As I read the treatment, echoes of the Marxes earlier movies reverberated throughout. The father/son relationship from Horsefeathers. A Groucho/Zeppo letter dictation scene from Animal Crackers. Groucho/Chico double-talk from all their movies, probably going back to the dialogue cards from their silent movie Humor Risk. Groucho calling the fight scene like a radio announcer in Monkey Business is transferred here to Harpo racing his motorcycle around the palace. Even though many of these elements were dropped from the final draft, I have a feeling that audiences of the time still picked up on them by osmosis. And I believe it’s that sense of been-there done-that, rather than the political satire, that caused Duck Soup’s box-office loss. (One amateur Marx Bros. scholar figures that 40% of Duck Soup’s dialogue is lifted from Groucho and Chico’s radio show Flywheel, Shyster and Flywheel. That would explain the “additional dialogue” credit to Nat Perrin and Arthur Sheekman. It would also explain a further sense of déjà vu on the audience’s part.)

I have no idea how the treatment – according to the notes, prepared for a staff meeting on Monday, December 5, 1932 – wound up at an auction at the Puck Building in New York over 60 years later. I’m just grateful that it did, and that the fellow bidding against me dropped out after I topped his $20 bid. Even without having it appraised, I think it’s the most valuable piece of memorabilia in my collection. I’m not necessarily referring to a dollar amount, but rather what it means to me as a Marx Brothers fan. The Fire Crackers/Firecrackers/Cracked Ice/Duck Soup treatment is akin to a complete master tape of the “Sgt. Pepper” demos. You can see how it evolved to greatness, but marvel at the work of everyone involved. Even Zeppo and Ringo.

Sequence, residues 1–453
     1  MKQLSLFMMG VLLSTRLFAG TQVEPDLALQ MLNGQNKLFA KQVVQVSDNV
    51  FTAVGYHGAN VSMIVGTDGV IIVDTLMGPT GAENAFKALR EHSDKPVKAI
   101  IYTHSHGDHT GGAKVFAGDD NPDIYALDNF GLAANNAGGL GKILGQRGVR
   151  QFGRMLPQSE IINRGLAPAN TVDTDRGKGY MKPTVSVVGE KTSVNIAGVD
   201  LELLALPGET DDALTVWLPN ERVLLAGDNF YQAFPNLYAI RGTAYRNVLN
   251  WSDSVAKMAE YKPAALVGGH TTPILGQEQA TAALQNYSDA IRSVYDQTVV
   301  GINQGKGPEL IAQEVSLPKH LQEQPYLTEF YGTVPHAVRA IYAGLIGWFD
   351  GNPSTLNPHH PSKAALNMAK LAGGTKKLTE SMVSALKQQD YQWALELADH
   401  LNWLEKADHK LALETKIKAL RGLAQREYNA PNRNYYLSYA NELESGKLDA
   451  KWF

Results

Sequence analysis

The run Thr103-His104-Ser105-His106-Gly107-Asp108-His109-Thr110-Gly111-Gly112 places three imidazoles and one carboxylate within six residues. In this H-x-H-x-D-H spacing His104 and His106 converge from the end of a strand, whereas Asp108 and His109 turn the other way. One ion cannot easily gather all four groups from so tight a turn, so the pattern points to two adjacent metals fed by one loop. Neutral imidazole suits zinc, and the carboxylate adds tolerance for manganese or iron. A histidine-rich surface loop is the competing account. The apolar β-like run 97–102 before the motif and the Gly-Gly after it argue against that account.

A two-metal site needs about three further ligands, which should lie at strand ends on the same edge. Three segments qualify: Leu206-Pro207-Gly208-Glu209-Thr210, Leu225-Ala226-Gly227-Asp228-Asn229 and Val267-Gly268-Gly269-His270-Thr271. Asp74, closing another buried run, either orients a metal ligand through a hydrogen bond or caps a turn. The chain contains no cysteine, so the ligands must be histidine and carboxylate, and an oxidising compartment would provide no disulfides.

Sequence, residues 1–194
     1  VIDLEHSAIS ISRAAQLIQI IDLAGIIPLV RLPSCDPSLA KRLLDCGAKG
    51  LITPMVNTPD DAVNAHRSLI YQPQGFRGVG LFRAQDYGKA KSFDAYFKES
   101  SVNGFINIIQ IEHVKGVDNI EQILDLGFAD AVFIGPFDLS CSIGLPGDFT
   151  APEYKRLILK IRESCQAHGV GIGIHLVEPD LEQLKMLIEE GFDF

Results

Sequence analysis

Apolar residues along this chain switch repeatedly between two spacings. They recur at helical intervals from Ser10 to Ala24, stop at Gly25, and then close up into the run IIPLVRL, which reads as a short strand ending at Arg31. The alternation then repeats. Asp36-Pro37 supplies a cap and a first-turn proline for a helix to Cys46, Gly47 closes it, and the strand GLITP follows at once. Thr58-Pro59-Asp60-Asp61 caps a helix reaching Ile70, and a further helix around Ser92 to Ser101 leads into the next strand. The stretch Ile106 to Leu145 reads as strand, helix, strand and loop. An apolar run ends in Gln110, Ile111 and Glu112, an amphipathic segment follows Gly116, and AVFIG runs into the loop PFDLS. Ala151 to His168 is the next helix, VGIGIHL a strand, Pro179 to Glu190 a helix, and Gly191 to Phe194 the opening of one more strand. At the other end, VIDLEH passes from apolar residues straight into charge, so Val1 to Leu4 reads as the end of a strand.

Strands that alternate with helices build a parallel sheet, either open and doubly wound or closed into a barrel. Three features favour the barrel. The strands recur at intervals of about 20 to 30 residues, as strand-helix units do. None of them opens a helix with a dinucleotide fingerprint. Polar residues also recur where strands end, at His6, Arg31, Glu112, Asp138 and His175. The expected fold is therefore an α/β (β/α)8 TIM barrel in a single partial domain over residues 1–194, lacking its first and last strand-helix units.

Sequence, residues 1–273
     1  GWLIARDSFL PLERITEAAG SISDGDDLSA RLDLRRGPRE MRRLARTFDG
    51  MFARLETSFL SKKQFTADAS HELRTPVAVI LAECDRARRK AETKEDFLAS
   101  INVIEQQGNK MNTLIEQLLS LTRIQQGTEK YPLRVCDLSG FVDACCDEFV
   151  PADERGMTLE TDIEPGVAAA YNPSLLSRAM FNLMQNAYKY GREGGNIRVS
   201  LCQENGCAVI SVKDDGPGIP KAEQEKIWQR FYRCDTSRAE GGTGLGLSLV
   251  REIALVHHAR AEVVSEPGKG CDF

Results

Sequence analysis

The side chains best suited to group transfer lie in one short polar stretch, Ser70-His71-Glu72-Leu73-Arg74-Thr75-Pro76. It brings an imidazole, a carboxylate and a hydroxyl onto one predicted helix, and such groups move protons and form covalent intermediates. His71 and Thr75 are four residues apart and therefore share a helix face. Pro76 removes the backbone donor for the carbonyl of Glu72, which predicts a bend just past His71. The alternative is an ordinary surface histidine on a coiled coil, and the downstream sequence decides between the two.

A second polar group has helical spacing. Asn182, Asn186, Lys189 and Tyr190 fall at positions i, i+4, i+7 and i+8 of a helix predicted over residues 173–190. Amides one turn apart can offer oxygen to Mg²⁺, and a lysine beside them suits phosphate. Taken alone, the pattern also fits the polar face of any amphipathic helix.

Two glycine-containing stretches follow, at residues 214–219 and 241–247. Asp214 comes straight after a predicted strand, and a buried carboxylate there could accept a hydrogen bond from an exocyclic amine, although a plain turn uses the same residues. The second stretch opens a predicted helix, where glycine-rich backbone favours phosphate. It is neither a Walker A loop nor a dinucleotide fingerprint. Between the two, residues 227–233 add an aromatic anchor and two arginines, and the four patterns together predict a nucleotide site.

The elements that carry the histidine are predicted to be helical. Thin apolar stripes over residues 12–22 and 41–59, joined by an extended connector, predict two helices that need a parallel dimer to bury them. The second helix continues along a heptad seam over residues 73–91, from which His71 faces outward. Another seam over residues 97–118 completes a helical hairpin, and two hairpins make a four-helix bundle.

Labels: ,

3 Comments:

Anonymous Anonymous said...

I'd like to dispell a long held myth. Duck Soup did not lose money at the box office. That fact has always been used as an easy way to explain the Marxs' leaving Paramount. The movie didn't make as much money as the previous films, this fact, and the fact that the Marxs' wanted to start their own production company was the actual reason for them not re-signing with Paramount.

Also, I had the rare and wonderful experience of reading Kalmar and Ruby's draft of what I consider to be their worst film, Go West. It was more Paramount than MGM, which is probably why MGM went with Irving Brechers' lame script.

Nick Santa Maria...

1:04 PM  
Anonymous Kevin Kusinitz said...

I'm glad I'm not the only one who thinks "Go West" is their worst movie. Popular consesus would have it as "The Big Store." While often difficult to watch, at least "Big Store" feels like a Marx Bros. movie. "Go West" is more on the level of Carney & Brown.

I wish the Marxes had started their own company instead of moving to M-G-M. Maybe they'd have turned out a few more movies on the level of "Duck Soup."

11:14 AM  
Anonymous The Mikado said...

Okay, how and where did you see the Kalmar-Ruby "Go West" draft?

I've been wondering about that for years.

12:11 PM  

Post a Comment

Links to this post:

Create a Link

<< Home